Going the extra mile

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George was thrilled by his win at the UK Coach Awards

Madaline Dunn caught up with Transport Supervisor George Docherty to talk about his recent win at the UK Coach Awards, and to find out how the Unsung Hero has got to where he is today

Fifty-five-year-old George Docherty started off his working life younger than most – at the age of eight to be exact. Beginning as an ice cream lad, ever the hardworking type, he worked his way up the ranks and eventually ended up fixing the ice cream vans. “I started off making the ice cream and then I was promoted to selling it,” said George. “After a time, I ended up working as a mechanic on the vans in the summer and got my hands dirty when the vehicles broke down,” he added.
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George’s career has been extensive and incredibly varied ever since: “After my time working with the ice cream vans, I moved into the printing industry as a young apprentice specialising in thermographic printing. When another company bought us out, I decided I didn’t want to relocate,” said George. “I then moved into the building trade as a labourer, before entering the industry that I’m in today.”

When George first joined the bus industry, he started out with Greater Manchester (GM) Buses. “Since then I’ve seen a lot of changes,” he said.

Hands on and hardworking
George has been with Belle Vue for eight years now, and still loves every minute of his job: “When Belle Vue bought King Coaches, I was a driver on their contract with Manchester Grammar School and decided to stay on. Around a year after Belle Vue took over, having seen the potential in me, the directors promoted me, and it all progressed from there.”

When talking about his approach to work George said that he’s very hands on and likes to get the job done: “I won’t ask someone to do something that I’m not prepared to do myself, that’s the way I was brought up. My work ethic is very much centralised around that core belief.”

Day-to-day the role of Transport Supervisor is incredibly diverse, and George fulfils the roles of driving, fuelling, repairing, training, negotiating, co-ordinating and organising, to name but a few of his duties. “I cover everything,” said George. “You name it, I do it. When people ask me a question, I always try and provide them with an answer, and if I can’t personally, I ensure that they get their answer another way and make sure the works gets done.”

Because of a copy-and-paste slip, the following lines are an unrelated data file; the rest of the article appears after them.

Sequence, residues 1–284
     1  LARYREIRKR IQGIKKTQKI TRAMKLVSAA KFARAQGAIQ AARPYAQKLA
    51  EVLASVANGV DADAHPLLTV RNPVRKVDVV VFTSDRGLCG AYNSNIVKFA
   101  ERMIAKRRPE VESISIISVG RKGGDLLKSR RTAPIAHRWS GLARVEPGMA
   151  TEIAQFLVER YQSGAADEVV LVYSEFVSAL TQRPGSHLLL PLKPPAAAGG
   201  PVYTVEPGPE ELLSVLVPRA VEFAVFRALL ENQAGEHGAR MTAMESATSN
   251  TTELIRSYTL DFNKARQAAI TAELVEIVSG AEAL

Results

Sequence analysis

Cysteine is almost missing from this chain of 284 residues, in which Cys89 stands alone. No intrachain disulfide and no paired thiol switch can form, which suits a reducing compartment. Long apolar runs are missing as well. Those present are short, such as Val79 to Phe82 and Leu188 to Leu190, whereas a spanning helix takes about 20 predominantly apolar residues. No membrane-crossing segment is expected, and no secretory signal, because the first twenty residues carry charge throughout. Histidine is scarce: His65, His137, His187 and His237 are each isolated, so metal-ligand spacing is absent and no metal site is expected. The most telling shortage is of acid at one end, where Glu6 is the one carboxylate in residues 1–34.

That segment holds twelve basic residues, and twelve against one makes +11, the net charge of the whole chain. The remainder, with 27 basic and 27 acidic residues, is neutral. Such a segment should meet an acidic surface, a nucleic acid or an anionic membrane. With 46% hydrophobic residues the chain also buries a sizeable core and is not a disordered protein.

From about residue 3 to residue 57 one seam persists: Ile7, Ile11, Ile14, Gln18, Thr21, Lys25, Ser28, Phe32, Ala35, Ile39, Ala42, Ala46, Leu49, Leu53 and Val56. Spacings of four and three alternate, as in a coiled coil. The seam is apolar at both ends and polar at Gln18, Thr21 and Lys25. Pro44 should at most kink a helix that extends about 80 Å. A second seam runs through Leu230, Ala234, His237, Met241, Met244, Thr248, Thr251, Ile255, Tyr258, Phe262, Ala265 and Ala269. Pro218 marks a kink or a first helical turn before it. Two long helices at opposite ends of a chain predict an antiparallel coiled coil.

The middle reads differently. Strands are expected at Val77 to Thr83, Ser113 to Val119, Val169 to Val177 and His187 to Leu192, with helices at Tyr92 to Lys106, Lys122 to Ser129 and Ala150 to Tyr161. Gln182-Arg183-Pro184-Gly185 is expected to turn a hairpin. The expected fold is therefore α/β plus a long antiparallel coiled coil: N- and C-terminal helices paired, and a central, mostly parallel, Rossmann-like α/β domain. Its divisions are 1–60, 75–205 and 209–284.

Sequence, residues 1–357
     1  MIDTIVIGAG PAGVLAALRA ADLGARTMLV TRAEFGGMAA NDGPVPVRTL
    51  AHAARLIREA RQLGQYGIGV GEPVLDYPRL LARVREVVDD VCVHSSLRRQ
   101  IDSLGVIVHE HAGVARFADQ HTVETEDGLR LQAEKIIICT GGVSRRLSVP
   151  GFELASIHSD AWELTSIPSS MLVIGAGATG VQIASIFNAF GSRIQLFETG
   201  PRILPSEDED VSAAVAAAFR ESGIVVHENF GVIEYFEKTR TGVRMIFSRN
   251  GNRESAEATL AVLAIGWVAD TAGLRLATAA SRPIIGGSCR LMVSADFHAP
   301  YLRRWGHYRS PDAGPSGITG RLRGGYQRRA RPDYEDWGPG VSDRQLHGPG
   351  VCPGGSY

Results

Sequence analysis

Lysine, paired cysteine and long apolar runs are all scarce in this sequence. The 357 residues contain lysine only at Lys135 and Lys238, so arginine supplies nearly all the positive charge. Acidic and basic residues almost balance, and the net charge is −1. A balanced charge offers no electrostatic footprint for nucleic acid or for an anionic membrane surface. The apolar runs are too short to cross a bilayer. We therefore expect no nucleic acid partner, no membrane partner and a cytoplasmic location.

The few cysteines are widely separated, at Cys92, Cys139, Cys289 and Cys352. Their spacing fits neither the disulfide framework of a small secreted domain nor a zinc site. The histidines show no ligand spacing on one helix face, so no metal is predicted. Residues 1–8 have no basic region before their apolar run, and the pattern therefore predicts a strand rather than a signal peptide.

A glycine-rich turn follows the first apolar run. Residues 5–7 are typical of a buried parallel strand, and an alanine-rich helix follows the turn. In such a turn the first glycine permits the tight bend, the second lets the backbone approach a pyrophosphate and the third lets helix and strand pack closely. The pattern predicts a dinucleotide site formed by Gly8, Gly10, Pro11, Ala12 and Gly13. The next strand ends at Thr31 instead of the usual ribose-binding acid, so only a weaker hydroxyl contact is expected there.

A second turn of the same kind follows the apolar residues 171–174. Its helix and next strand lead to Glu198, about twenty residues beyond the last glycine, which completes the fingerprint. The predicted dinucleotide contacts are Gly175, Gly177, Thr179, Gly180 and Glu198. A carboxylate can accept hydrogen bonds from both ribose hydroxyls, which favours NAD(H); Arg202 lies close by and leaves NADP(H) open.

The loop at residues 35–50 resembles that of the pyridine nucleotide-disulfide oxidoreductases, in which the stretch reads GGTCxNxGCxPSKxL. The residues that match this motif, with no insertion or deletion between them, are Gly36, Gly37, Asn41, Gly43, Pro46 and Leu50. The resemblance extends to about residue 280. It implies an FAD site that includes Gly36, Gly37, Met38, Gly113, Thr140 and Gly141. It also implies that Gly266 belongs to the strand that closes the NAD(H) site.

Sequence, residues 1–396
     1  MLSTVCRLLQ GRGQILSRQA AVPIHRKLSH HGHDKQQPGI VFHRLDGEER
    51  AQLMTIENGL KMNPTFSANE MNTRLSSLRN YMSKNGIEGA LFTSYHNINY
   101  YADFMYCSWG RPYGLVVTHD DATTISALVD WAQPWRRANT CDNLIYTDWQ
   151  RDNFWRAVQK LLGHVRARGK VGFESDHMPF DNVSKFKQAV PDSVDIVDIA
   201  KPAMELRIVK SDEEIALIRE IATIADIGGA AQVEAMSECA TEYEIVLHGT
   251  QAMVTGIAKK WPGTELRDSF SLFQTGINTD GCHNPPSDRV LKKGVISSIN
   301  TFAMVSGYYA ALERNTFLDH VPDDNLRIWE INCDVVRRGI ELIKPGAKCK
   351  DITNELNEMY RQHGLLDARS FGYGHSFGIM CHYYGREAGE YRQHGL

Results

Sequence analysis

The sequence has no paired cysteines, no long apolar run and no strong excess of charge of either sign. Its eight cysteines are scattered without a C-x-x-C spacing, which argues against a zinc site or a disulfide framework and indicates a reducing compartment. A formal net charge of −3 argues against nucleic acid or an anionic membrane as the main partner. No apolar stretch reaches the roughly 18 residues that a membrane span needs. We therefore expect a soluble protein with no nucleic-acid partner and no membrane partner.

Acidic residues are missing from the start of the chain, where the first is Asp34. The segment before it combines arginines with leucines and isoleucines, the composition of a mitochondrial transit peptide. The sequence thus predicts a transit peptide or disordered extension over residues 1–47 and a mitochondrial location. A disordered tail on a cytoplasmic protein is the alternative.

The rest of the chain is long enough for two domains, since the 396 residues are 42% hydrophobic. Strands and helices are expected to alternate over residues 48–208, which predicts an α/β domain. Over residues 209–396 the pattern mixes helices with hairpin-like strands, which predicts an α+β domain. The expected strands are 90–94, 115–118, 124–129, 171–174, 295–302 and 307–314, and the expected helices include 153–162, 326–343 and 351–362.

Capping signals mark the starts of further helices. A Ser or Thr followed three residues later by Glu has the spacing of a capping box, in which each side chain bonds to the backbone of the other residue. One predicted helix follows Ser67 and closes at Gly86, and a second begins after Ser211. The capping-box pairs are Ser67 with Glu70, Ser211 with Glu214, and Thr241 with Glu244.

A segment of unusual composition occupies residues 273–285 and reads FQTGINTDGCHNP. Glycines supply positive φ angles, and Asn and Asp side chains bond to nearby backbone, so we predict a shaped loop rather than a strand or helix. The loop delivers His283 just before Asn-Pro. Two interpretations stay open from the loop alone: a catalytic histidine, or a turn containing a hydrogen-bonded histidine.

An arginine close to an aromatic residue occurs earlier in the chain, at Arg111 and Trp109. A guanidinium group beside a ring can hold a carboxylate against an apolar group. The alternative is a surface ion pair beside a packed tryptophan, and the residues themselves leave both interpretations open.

Speaking of his favourite aspect of the job George said: “Every day is different, there’s always something interesting going on and I love a challenge.” Even after all these years George remains enthusiastic about the work that he does: “I always say to my missus, the day I don’t get up before my alarm at 0500hrs, is the day its time to pack it in. I love my job and look forward to what each new day brings.”

The excitement of unpredictability
I asked him what his motivation is behind the early starts. George responded: “You never know what you will be walking into on any given day. Even before I get out of my car in the morning, I have drivers knocking on my window – because they know I’ll help them out. That’s what I enjoy, helping people. It’s part of who I am.”

When I asked George what the most difficult aspect of the job is, true to character, he responded with only positive things to say and concerning the early starts, which most would dread, he said: “They don’t bother me, and the dog gets the benefit with a nice early morning walk!”

The big win
When George was nominated for the Unsung Hero award, it was his second time, having previously secured silver in the awards the year prior. I enquired how it felt to finally scoop gold and be recognised for his tireless work and dedication: “It was brilliant, I was dead chuffed. When my name was called out, I couldn’t quite believe it. I lifted the trophy in the air but was honestly in disbelief,” said George. “To be recognised like that, nationally, in front of so many for my hard work was wonderful. Belle Vue are a great company to work for, and always ensure that enthusiasm and diligence are acknowledged.”

Speaking about the rest of the night, George said: “The night itself was superb, and I got the chance to speak to other people in the industry and compare experiences and tell stories. It was a great night for feedback and reminiscing.”

Staying positive
Outside of work, George enjoys outdoor activities, often undertaking walking and hiking expeditions. “Last year, myself and others undertook the challenge of Snowden.” He went onto explain how he and other parents raised money for the burnt down Stalybridge Mill which housed the cheerleading group that his daughter coaches.

“We had to start from scratch,” he said, “but in the end we raised the money and the girls ended up succeeding and travelled to the US to compete, the only UK cheerleading team to do so.”

In terms of personal challenges, George has got a lot going on behind his smiling and outgoing persona, with two siblings battling cancer, however he stays positive and doesn’t let negativity cloud his outlook on life: “You just have to get on with it, and try and stay positive for everyone.”

Speaking about the future, George, said: “Hopefully it’s bright, all being well. There’s no point looking back. Who knows maybe I’ll take over Phil’s job as Director,” he chuckled.

In an ever-changing industry, that faces challenges when it comes to patronage, the introduction of Ultra Low Emission Zones, Low Emissions Zones and economic struggles, it is reassuring to know that there are passionate, hardworking and enthusiastic people like George, carrying the industry.
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